Season Reviews

Season review: Antoine Hoppenot

Photo: Earl Gardner

On one level, it would be hard to argue that Antoine Hoppenot didn’t have a good season. He replicated almost exactly his production from a year ago, when he burst on the scene as an electric late-game sub, with the potential to be more than that.

But that’s just it: Hoppenot has played virtually the same season twice. Check out his two-season game log on the Union website. Last year, he appeared in 25 games, starting three, playing 817 minutes, and scored four goals with one assist. This year? 30 games, starting two, playing 732 minutes, and scoring three goals with two assists. Nearly the same number of shots. The same number of shots on goal. There has been no growth, no evolution in his game.

Granted, the return of Sebastien Le Toux, arrival of Conor Casey, and emergence of Jack McInerney made minutes up top hard to come by. However, the new arrivals affected Hoppenot’s game time very little. For most of the season, regardless of the starting lineup permutations, Hoppenot was the first sub off the bench. Game in, game out, regardless of the tactical situation, Hoppenot was given chance after chance to prove he could be a game-breaker, but rarely did he seem likely to do so.

High pointHoppenot 2013 stats

On July 27, away to Vancouver, with the Union lethargic and out of ideas, Hoppenot replaced Danny Cruz in the 67th minute. In the 85th, he combined with Aaron Wheeler to score the game-winner. Not only was the goal important, it was a high quality move and finish, and showcased the best parts of Hoppenot’s game.

Low point

The 1–0 win over Toronto on October 5 is known for the phenomenal Kleberson free kick that won it deep into stoppage time. Yet, had Hoppenot put away any of the three fantastic opportunities that came his way, it never would have been necessary. In most respects, this was one of Hoppenot’s finest showings, as he continuously tore poor Doneil Henry apart with his aggression and speed. But not getting those goals when he could have had a hat trick? That’s got to burn.


Athleticism: Hoppenot is one of the fastest, fittest, and strongest players on the Union roster. He possesses a rare combination of athletic gifts.

Aggression/Competitiveness: Opposing teams hate playing against Hoppenot, because he forces the issue constantly.

Dribbling: Hoppenot is one of the best Union players with the ball at his feet.


Finishing: See “low point,” above.

Variety/Passing range/Creativity: Hoppenot’s main issue is that his primary positive aspects have turned him into a one-trick pony. If he wants to be more than a super sub, he needs to be able to do more than run fast with the ball at his feet or streak into space. He needs to participate in passing moves and find ways to contribute with more than just speed.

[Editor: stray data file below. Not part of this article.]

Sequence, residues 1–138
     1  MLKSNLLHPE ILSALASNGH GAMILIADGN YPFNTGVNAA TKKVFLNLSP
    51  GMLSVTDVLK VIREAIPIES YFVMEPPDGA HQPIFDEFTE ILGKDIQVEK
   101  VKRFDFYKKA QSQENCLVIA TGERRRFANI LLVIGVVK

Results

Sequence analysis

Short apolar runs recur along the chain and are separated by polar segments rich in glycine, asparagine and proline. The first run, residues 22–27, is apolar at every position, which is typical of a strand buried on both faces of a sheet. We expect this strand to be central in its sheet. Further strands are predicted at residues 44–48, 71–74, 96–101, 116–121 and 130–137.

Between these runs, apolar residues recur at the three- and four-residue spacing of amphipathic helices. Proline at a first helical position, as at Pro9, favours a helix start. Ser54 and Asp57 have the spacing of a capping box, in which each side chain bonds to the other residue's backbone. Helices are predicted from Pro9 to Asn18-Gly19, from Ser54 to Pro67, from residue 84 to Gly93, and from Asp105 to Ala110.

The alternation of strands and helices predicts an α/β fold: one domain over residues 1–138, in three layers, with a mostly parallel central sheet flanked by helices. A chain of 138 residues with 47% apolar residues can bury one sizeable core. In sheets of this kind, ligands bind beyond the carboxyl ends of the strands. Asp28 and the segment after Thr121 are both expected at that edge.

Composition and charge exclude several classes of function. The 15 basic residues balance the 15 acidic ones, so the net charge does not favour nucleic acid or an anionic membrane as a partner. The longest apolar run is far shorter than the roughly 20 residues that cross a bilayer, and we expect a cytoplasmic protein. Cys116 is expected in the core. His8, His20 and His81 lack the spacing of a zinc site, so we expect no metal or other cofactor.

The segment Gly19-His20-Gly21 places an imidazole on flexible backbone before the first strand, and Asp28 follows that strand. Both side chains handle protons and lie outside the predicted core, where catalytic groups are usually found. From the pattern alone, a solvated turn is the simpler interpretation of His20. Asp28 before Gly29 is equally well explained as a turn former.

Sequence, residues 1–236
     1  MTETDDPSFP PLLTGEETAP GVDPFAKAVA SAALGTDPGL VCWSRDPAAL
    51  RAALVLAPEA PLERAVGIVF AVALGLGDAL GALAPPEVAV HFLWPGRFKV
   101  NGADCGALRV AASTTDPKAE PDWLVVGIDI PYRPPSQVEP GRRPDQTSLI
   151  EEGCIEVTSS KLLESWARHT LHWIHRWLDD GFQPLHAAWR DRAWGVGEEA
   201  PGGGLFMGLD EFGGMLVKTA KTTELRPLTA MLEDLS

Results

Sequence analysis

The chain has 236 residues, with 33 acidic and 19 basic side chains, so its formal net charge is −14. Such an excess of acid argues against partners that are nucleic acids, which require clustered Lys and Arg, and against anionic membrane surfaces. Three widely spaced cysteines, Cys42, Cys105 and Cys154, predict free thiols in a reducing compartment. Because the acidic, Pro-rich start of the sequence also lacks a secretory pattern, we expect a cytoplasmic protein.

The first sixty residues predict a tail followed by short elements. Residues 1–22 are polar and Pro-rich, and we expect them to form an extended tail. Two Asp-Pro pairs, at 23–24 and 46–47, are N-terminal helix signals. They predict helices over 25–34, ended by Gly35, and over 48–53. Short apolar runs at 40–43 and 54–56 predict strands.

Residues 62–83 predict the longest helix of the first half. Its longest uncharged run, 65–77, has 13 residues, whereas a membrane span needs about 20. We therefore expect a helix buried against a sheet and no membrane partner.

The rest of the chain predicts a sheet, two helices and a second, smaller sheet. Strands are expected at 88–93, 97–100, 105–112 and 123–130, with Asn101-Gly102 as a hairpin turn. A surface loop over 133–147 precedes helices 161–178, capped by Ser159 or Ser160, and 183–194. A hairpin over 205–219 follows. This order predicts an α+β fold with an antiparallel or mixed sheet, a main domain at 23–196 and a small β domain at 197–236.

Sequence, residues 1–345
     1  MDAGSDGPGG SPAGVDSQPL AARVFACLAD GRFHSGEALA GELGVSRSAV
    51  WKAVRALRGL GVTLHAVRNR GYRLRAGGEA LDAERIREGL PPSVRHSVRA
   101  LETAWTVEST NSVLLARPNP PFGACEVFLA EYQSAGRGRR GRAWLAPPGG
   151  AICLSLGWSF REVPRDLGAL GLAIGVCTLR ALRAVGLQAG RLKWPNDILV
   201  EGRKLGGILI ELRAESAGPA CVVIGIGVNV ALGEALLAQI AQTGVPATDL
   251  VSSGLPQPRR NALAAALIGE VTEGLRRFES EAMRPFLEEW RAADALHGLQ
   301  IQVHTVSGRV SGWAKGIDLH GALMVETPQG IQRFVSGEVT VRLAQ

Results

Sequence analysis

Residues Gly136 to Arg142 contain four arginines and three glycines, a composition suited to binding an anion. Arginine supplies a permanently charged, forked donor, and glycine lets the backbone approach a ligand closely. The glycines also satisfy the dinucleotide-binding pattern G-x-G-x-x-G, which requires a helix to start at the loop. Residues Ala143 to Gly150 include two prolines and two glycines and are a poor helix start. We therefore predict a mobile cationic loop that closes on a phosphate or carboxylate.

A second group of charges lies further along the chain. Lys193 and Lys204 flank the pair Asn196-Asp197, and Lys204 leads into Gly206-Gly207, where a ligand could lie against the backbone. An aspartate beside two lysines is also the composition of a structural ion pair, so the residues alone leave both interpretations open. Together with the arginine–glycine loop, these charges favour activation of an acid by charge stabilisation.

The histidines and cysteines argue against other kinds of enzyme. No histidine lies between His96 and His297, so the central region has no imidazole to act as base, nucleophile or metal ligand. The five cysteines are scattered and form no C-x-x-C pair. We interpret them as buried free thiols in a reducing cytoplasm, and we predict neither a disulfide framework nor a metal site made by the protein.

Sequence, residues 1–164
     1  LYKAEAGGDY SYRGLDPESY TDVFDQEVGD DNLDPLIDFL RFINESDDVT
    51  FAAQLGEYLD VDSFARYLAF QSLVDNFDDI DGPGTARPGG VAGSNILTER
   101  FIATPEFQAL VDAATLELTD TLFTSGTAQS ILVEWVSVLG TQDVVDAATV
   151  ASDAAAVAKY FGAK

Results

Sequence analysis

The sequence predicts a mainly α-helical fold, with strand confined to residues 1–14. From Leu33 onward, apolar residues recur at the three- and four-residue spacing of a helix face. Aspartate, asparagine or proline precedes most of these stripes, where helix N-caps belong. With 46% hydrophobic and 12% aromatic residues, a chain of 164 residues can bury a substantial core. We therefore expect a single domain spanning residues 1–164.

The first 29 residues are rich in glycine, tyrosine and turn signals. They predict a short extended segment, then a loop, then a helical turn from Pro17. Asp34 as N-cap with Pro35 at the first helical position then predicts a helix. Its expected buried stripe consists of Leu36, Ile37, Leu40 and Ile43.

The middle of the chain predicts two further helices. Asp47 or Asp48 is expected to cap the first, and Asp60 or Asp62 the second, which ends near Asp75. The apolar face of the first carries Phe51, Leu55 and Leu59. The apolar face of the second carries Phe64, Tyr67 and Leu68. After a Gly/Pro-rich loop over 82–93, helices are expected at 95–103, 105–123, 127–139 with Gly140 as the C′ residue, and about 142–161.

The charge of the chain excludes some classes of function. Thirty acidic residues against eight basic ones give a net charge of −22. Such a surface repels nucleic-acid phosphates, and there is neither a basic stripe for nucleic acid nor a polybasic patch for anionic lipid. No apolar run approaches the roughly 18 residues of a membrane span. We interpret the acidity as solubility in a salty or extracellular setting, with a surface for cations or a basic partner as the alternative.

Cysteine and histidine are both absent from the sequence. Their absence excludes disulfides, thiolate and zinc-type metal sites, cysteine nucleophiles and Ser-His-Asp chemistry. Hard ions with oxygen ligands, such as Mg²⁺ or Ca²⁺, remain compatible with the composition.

If  Hoppenot can expand his game and improve his finishing, his potential is great. He may never become a star, but he has the tools to be a consistent scorer in MLS. If all he is is what he’s shown in the last two seasons, then his outlook is fairly mundane. He’ll score a handful of goals a year, earn opposing defenders cards of both colors, and little more. Hoppenot is still relatively young (he turns 23 on Saturday), and perhaps we judge him too harshly, considering the paucity of service all of the strikers received this season. Next season, though, might be make-or-break.


  1. I think the Union will need to make a choice between Hoppenot and Cruz. They’re pretty much the same player (though Hoppenot has more skill, and Cruz has more “grit”). I know Hackworth has a man crush on Cruz, but I really don’t think he can be an every day starter next year, which leaves him and Hoppenot filling the same basic role off the bench.

    • One thousand times this. Hoppenot easily is the more favorable option as well- I think about a third of the price, same output in a fraction of the minutes played.

    • Great point, John. There are tons of similarities between Hoppenot and Cruz.

      Another check in Hoppenot’s favor is that he’s generally recognized as the Union’s best FIFA gamer.

    • Southside Johnny says:

      I don’t know if the Union knows that they “have to make a choice”, but, I agree that they should. I’m not real keen on either one of them, but Antoine came to preseason looking much improved, I thought. If he picks it up again, he could be very good. I worry about his vision as much as his finishing. I have seen too many missed opportunities to make plays and I don’t now think it is selfishness. He seems just too narrowly focused in attack.

  2. I suppose that sounds and smells just about right.

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